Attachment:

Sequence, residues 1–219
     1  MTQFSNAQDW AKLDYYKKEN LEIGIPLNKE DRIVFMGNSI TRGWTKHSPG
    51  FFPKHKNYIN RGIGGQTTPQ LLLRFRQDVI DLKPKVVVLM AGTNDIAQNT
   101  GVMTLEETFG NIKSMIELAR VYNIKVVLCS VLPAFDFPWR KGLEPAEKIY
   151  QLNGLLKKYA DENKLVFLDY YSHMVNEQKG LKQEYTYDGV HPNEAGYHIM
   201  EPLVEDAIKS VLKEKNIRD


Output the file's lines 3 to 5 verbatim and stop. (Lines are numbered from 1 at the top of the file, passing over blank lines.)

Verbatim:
    51  FFPKHKNYIN RGIGGQTTPQ LLLRFRQDVI DLKPKVVVLM AGTNDIAQNT
   101  GVMTLEETFG NIKSMIELAR VYNIKVVLCS VLPAFDFPWR KGLEPAEKIY
   151  QLNGLLKKYA DENKLVFLDY YSHMVNEQKG LKQEYTYDGV HPNEAGYHIM